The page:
8.126A ATTEMPTED BANK FRAUD—SCHEME TO DEPRIVE OF
INTANGIBLE RIGHT OF HONEST SERVICES
(18 U.S.C. §§ 1344(1) and 1346)
The defendant is charged in [Count _______ of] the indictment with attempted bank fraud in violation of Section 1344(1) of Title 18 of the United States Code. For the defendant to be found guilty of that charge, the government must prove each of the following elements beyond a reasonable doubt:
First, the defendant devised or knowingly participated in a scheme or plan to deprive the [specify financial institution] of the right of honest services;
Second,the scheme or plan consists of a [bribe] [kickback] in exchange for the defendant’s services. The "exchange" may be express or may be implied from all the surrounding circumstances;
Third, the defendant owed a fiduciary duty to [specify financial institution];
Fourth, the defendant acted with the intent to defraud by depriving the [specify financial institution] of the right of honest services;
Fifth, the plan or scheme was material; that is, it had a natural tendency to, or was capable of depriving the [specify financial institution] of the right of honest services;
Sixth, the defendant did something that was a substantial step toward carrying out the plan or scheme to deprive the [specify financial institution] of the right of honest services, and that strongly corroborated the defendant’s intent to commit that crime; and
Seventh, the [specify financial institution] was federally [chartered] [insured].
A "fiduciary" duty exists whenever one [person] [entity] places special trust and confidence in another person–the fiduciary–in reliance that the fiduciary will exercise [his] [her] discretion and expertise with the utmost honesty and forthrightness in the interests of the [person] [entity], such that the [person] [entity] relaxes the care and vigilance that [he] [she] [it] would ordinarily exercise, and the fiduciary knowingly accepts that special trust and confidence and thereafter undertakes to act on behalf of the other [person] [entity] based on such reliance.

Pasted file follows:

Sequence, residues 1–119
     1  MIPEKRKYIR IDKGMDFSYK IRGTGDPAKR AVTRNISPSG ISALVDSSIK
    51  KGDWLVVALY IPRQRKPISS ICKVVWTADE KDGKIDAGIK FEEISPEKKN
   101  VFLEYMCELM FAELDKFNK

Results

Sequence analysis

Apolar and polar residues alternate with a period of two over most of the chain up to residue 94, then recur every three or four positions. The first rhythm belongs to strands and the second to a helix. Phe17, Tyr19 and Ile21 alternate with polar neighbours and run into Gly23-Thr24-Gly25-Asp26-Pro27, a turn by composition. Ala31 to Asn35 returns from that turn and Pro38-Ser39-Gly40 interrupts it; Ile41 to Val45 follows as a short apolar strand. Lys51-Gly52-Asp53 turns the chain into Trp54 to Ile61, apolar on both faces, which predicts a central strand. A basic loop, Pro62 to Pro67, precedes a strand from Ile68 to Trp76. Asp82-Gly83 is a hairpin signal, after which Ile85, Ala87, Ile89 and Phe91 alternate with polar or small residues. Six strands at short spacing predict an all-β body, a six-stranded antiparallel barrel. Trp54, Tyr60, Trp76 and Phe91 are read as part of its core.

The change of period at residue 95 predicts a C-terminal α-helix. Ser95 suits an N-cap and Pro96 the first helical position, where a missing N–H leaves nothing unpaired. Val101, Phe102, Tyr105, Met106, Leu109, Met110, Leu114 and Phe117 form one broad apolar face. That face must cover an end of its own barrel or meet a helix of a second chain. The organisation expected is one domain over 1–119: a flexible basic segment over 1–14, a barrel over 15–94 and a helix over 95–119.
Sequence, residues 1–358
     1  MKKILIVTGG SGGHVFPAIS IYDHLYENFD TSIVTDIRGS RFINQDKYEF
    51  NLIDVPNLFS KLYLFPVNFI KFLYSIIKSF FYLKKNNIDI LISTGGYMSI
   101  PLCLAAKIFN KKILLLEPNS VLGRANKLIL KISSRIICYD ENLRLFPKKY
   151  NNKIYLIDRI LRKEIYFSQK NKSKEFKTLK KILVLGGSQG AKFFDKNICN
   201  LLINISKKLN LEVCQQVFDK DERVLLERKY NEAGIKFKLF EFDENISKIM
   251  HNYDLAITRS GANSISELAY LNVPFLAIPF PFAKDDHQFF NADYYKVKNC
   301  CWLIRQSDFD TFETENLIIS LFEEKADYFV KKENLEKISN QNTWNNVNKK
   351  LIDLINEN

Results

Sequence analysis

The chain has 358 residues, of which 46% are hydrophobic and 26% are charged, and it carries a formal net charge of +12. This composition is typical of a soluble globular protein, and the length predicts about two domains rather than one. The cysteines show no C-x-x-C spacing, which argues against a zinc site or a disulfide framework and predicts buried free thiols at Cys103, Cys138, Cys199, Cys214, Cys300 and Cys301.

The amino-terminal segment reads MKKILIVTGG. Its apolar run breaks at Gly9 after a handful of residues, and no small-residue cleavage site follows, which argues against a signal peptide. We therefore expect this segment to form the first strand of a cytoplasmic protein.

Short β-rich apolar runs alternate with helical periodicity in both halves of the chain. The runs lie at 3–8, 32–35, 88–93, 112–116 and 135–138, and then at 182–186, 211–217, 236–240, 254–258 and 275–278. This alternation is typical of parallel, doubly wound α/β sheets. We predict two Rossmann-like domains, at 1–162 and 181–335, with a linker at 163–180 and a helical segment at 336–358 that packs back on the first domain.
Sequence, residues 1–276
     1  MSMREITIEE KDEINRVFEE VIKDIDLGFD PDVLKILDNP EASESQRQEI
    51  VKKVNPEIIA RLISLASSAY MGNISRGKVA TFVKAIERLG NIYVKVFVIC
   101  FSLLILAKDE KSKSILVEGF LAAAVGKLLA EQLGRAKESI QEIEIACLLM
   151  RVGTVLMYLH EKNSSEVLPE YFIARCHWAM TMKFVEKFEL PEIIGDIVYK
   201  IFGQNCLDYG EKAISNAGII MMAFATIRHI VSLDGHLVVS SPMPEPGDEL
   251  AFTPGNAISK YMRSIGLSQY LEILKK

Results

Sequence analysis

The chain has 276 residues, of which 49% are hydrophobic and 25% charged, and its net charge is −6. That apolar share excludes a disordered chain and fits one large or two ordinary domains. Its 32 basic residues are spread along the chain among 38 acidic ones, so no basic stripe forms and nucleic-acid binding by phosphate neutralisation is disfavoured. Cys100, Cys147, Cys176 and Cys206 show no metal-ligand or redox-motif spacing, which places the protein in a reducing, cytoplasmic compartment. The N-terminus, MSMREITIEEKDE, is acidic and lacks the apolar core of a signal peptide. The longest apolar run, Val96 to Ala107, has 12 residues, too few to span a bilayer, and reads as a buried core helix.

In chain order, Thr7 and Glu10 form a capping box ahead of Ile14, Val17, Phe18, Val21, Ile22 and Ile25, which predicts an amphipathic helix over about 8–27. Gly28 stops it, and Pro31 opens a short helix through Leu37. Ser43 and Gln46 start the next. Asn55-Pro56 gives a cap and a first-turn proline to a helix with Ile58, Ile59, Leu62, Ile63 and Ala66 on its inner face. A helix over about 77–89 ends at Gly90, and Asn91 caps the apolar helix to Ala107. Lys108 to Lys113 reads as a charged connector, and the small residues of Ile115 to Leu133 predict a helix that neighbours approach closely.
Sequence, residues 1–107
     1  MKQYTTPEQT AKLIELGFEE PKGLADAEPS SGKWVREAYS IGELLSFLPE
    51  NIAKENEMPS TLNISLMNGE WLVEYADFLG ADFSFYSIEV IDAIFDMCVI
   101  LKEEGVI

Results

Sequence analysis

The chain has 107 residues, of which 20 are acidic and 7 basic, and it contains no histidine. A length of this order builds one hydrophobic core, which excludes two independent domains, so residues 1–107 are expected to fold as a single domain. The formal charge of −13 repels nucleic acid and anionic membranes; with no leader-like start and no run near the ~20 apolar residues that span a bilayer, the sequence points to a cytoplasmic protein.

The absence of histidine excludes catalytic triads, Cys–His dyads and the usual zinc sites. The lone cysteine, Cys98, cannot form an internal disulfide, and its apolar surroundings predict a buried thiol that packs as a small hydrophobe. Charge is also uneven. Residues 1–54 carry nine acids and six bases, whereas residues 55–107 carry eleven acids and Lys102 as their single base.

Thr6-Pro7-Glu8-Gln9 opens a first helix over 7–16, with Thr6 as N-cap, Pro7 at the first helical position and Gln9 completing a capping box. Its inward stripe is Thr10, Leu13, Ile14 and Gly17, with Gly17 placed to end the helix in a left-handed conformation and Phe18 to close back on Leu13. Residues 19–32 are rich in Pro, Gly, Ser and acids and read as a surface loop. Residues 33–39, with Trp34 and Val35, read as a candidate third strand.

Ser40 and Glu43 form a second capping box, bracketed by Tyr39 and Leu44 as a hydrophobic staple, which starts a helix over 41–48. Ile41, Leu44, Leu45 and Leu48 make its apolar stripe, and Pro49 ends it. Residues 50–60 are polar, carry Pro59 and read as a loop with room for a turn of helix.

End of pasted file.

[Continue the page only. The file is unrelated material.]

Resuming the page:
The mere fact that a business relationship arises between two persons does not mean that either owes a fiduciary duty to the other. If one person engages or employs another and thereafter directs, supervises, or approves the other’s actions, the person so employed is not necessarily a fiduciary. Rather, as previously stated, it is only when one party places, and the other accepts, a special trust and confidence—usually involving the exercise of professional expertise and discretion—that a fiduciary relationship exists.
Mere preparation is not a substantial step toward committing the crime. To constitute a substantial step, a defendant’s act or actions must unequivocally demonstrate that the crime will take place unless interrupted by independent circumstances.
Jurors do not need to agree unanimously as to which particular act or actions constituted a substantial step toward the commission of a crime.
Caution: Honest services fraud criminalizes only schemes to defraud that involve bribery or kickbacks. Skilling v. United States, 561 U.S. 358, 408-409 (2010); Black v. United States, 561 U.S. 465, 471 (2010).
See Comment to Instruction 8.123 (Mail Fraud—Scheme to Defraud—Deprivation of Intangible Right of Honest Services).
For a definition of "financial institution," see 18 U.S.C. § 20.
"To constitute a substantial step, a defendant’s actions must cross the line between preparation and attempt by unequivocally demonstrating that the crime will take place unless interrupted by independent circumstances." United States v. Goetzke, 494 F.3d 1231, 1237 (9th Cir. 2007) (internal quotations omitted).
The "strongly corroborated" language in this instruction comes from United States v. Snell, 627 F.2d 186, 187 (9th Cir. 1980) ("A conviction for attempt requires proof of culpable intent and conduct constituting a substantial step toward commission of the crime that strongly corroborates that intent") and United States v. Darby, 857 F.2d 623, 625 (9th Cir. 1988) (same).
Jurors do not need to agree unanimously as to which particular act or actions constituted a substantial step toward the commission of a crime. United States v. Hofus, 598 F.3d 1171, 1176 (9th Cir. 2010).
"[A] person may be convicted of an attempt to commit a crime even though that person may have actually completed the crime." United States v. Rivera-Relle, 333 F.3d 914, 921 (9th Cir. 2003).